December 05, 2017 - by - in Bariatric Surgery

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Bariatric surgeries, such as a gastric bypass  or gastric sleeve, are performed to help obese people lose the weight they haven’t been able to shed otherwise. But can these procedures help with other factors that affect health as well? Can bariatric surgery actually “cure” type 2 diabetes?

The answer is a qualified “yes.” 

“Doctors don’t really use the word ‘cure’ that has broader implications but we are seeing many cases where bariatric surgery resolves diabetes or puts it into an open-ended remission, where medication or insulin injections are no longer necessary,” says Soma Weight Loss bariatric surgeon Dr. Joseph Naim. “We often see their insulin levels improve quite quickly after surgery and continue to improve as they get closer to their goal weight.” 

To understand how bariatric surgery affects diabetes, it helps to understand a little more about the disease itself:

What is diabetes?

A person who has diabetes has difficulty storing and using sugar, or glucose. This happens because not enough insulin, a hormone that regulates blood sugar, is produced. There are three types of diabetes: 

  • Type 1: Type 1 diabetes is typically genetic and not preventable.
  • Type 2: Type 2 diabetes can be genetic, but it also develops in adults who are overweight, sedentary and/or eat a diet poor in nutrition. It is the most common type of diabetes.
  • Gestational: Gestational diabetes happens in some pregnancies, but it usually goes away afterward.

How does diabetes affect the body?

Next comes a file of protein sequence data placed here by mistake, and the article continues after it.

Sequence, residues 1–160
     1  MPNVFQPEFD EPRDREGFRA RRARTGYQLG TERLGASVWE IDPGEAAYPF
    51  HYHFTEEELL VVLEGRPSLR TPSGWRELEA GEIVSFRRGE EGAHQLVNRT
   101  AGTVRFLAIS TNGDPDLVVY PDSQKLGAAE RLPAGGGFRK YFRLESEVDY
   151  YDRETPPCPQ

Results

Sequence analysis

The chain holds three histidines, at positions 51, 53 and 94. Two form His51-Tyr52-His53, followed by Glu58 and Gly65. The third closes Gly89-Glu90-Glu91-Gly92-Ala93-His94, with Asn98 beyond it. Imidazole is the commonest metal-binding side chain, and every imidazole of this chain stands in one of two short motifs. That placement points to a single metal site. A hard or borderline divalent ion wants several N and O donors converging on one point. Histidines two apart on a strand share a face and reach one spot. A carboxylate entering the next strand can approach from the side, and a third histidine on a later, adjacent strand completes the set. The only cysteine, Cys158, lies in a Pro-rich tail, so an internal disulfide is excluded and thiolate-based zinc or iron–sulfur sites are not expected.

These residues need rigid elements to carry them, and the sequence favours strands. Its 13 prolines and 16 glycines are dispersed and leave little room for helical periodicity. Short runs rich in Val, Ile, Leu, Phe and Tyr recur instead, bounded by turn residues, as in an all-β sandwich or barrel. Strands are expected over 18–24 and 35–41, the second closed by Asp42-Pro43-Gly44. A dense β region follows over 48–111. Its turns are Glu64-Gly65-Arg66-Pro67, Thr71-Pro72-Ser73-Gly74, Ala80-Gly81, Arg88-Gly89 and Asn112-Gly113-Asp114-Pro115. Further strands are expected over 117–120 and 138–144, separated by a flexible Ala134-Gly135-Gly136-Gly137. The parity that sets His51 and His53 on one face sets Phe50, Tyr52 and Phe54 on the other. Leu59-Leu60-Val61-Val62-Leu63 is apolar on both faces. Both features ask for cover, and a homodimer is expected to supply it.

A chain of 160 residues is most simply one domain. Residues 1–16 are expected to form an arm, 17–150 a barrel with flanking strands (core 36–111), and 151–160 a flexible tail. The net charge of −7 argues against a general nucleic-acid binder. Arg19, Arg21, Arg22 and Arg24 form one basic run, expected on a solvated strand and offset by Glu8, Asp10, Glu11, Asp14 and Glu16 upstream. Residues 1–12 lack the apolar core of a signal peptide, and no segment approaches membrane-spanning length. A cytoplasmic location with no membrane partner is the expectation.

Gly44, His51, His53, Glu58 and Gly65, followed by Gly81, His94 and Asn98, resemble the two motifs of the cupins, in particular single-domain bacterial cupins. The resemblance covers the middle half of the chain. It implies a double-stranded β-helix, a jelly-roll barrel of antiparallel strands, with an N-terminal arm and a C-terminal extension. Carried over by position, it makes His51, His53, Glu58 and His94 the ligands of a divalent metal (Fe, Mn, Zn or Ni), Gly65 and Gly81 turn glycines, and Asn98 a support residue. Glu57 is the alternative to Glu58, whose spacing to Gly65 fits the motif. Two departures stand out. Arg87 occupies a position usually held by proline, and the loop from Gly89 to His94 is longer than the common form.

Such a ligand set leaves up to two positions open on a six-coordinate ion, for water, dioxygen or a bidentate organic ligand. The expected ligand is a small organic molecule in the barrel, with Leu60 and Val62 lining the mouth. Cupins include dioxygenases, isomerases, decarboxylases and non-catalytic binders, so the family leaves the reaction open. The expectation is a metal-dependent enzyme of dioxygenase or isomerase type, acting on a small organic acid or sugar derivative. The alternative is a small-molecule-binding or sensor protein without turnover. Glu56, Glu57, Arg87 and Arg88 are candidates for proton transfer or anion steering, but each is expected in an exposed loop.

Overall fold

Symptoms of uncontrolled diabetes include:

  •  Increased thirst and hunger 
  • Frequent urination 
  • Fatigue 
  • Blurry vision 
  • Tingling or pain in the extremities 

Long-term damage can include:

  • Increased risk of high blood pressure 
  • Heart disease, vision problems 
  • Nerve damage (neuropathy) that can cause numbness or pain 
  • Poor digestion and skin issues (as in being slow to heal from wounds)

Regular treatment of type 2 diabetes

Exercise and nutrition are important for people with diabetes, and a modified sugar intake is also necessary. People with diabetes test their blood sugar several times a day, usually through pinprick tests. Medications that help the body secrete more insulin or use it more efficiently may be prescribed, and insulin therapy typically delivered by self-administered injections may be necessary. 

At the extreme, diabetes can contribute to:

  • Kidney disease 
  • Stroke
  • Diabetic retinopathy in the eyes, which can lead to blindness, as well as extreme nerve damage in the feet

diabetes treatment

How does obesity contribute to diabetes? 

As we gain weight, we become less sensitive to the natural effects of the insulin we produce, known as insulin resistance, which causes our pancreas to make more to try to keep up. The more weight we gain, the more serious the imbalance. 

At some point, the pancreas cannot produce enough, and the body’s management of sugar becomes compromised. Keep in mind that, in addition to processing regular sugar, the body converts other simple carbohydrates products made with flour, for instance into glucose, contributing to the body’s load.